Slaves of Fashion: New Works by The Singh TwinsWalker Art Gallery
Donald Trump sits on a Wal-Mart throne at fashion week; he is the epitome of consumerism, the King of Cotton. Theresa May straddles India and the USA, dousing the former in scotch whiskey. Bush and Blair shake hands, smiling; they make a blood pact while the globe they stand on burns.
SLAVES OF FASHION is the latest exhibition by THE SINGH TWINS to grace the Walker Art Gallery, and it is just as politically engaging and controversial as I had hoped. The Singh Twins are known for their unflinching criticism of political corruption, and, in this exhibition, they choose the Indian textile industry and its relationship with western fashion as their subject. There is an important history lesson here, but their contemporary and satirical approach ensures that this remains a highly enjoyable and accessible exhibition.
In recent years, The Singh Twins – Amrit and Rabindra Singh – have received international recognition for their work. However, their relationship with the art world and this city has not always been straightforward. While at the University Of Liverpool, the twins faced prejudice for their interest in Indian miniature painting, which was deemed traditional and outdated by their professors. Certain members of the department were reluctant to accept that non-European artforms had influenced contemporary, western art. The Singh Twins refused to concede and never graduated. The success of this exhibition thus feels particularly pertinent.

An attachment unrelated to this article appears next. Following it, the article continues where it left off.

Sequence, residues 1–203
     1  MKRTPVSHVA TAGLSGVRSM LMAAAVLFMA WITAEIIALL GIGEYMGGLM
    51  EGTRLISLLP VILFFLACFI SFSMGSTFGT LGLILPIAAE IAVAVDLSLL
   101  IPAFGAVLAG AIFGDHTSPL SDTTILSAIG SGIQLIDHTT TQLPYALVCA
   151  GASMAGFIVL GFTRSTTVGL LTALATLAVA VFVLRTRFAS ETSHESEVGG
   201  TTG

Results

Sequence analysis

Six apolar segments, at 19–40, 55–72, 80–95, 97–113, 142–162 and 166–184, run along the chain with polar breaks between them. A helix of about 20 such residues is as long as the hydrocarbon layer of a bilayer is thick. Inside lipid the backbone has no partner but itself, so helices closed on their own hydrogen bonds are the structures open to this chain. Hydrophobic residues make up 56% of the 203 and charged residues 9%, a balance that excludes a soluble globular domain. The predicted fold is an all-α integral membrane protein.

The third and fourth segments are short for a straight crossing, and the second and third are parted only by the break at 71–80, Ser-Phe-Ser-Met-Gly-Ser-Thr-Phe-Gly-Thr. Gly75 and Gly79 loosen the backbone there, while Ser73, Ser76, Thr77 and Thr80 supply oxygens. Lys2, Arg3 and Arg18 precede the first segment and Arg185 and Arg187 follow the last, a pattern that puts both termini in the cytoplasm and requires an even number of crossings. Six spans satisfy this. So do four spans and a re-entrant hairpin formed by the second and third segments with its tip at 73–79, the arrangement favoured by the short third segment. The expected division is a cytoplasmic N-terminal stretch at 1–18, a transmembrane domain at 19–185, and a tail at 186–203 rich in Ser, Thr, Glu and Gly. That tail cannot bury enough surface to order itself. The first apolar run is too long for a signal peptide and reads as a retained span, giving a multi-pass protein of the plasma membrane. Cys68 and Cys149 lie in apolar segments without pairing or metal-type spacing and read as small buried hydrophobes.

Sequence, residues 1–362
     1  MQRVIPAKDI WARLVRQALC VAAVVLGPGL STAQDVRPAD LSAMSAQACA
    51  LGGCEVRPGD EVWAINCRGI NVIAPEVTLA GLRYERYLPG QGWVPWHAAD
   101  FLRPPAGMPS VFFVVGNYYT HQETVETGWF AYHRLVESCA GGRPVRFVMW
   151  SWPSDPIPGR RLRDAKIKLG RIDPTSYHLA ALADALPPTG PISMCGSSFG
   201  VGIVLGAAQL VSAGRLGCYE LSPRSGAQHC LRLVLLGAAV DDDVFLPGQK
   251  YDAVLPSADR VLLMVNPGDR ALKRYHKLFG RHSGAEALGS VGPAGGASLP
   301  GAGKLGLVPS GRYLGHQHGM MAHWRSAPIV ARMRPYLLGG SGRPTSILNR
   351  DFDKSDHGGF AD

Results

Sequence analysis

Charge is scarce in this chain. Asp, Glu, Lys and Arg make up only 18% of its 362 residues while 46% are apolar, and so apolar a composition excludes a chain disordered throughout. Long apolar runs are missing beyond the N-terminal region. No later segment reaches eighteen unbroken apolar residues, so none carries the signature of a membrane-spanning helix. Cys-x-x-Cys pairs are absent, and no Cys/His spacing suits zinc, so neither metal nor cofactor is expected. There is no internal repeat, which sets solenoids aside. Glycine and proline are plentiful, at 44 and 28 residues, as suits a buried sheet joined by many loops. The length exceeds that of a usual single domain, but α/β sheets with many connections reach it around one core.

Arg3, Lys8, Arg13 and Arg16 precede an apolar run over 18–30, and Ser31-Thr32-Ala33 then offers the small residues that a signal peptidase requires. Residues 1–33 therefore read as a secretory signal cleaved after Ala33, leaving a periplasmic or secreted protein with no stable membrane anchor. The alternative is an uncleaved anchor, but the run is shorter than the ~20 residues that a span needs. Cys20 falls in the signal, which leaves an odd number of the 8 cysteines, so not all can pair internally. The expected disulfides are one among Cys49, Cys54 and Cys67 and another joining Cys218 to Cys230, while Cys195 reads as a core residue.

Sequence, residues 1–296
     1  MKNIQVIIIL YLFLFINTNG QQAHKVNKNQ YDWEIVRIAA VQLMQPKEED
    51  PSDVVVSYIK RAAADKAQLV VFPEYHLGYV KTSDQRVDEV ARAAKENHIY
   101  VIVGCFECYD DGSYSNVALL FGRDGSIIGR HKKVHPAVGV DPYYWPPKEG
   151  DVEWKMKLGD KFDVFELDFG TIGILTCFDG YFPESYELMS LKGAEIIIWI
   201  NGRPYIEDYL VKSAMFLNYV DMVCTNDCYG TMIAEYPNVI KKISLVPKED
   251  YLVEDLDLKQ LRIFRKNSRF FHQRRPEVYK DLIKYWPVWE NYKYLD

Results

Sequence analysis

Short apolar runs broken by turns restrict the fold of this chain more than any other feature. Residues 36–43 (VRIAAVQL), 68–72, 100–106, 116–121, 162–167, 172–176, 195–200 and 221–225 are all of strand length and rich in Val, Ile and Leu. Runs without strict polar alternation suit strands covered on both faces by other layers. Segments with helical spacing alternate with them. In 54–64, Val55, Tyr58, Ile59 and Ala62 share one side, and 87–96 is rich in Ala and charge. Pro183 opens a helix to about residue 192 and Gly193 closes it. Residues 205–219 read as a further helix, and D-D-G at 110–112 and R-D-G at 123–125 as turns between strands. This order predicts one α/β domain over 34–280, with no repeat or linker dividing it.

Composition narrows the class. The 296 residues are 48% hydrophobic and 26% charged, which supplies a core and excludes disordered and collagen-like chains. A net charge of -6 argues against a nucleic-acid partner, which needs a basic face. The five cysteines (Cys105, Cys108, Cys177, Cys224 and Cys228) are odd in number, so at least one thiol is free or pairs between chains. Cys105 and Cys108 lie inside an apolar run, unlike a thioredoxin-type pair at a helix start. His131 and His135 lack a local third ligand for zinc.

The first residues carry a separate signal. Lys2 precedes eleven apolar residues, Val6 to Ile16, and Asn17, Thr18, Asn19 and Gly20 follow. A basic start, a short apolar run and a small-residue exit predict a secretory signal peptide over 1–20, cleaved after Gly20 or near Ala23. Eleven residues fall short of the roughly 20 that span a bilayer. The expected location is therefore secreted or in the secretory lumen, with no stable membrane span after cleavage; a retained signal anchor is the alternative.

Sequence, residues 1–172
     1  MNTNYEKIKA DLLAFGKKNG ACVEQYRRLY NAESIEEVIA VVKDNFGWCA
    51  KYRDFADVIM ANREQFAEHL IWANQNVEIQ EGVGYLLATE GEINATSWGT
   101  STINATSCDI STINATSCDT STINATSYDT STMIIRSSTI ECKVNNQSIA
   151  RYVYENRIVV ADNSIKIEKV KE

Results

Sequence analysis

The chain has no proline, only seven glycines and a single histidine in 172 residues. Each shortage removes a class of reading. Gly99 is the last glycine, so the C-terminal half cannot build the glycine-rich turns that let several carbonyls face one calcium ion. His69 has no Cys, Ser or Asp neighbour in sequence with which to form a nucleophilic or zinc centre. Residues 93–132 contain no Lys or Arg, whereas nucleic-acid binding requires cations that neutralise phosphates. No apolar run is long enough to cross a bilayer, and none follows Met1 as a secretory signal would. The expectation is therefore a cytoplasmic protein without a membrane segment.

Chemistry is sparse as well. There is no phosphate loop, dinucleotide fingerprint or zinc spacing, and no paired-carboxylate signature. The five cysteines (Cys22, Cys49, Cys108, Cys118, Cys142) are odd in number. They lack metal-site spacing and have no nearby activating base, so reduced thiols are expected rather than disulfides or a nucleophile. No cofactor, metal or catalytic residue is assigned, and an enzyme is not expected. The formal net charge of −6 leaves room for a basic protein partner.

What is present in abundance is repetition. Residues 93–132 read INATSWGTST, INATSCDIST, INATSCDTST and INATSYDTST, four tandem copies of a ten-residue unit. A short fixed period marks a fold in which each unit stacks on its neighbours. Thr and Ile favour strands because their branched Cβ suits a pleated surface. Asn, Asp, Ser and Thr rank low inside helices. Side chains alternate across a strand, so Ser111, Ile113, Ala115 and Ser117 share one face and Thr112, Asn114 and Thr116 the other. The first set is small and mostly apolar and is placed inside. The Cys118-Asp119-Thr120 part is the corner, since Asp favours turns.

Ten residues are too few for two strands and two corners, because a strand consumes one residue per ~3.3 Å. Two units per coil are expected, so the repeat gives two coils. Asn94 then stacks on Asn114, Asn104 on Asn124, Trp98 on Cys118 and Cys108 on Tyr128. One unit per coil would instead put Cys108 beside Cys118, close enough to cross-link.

At the centre of Slaves Of Fashion are 11 large, mixed-media portraits of historical figures. Each tells the story of a different aspect of the Indian textile industry, and reveals the human cost behind luxury goods. In Coromandel: Sugar And Spice, Not So Nice a slave hangs from a tree, barely visible behind the rich detail and fabrics that dominate the image. In other paper works, The Singh Twins explore this continuing colonial legacy, which is now manifested in unethical consumerism. The title of one piece, The Adoration Of Profit Without Consequence, could sum up the entire exhibition, and is a stark reminder of our role in this deadly trade.
Though the subject matter of this exhibition is challenging, the aesthetic appeal of The Singh Twins’ work is undeniable. They have revived the Indian miniature tradition by including modern symbols and themes, creating a unique style that they label ‘past modern’. The intricate detail and eclectic mix of political references means you could spend hours decoding a single painting. It is perhaps symbolic that I am initially drawn to their work for its beauty; only upon closer inspection do I realise that they are telling a painful story.
Slaves Of Fashion is a must-see for anyone interested in colonial history, traditional Indian art or political satire. Most of all, this is a chance to learn more about two fascinating women of colour artists, who stuck with their interests despite condemnation and discouragement. Their success story is truly inspiring.
Slaves Of Fashion: New Works by The Singh Twins runs at Walker Art Gallery until 20th May.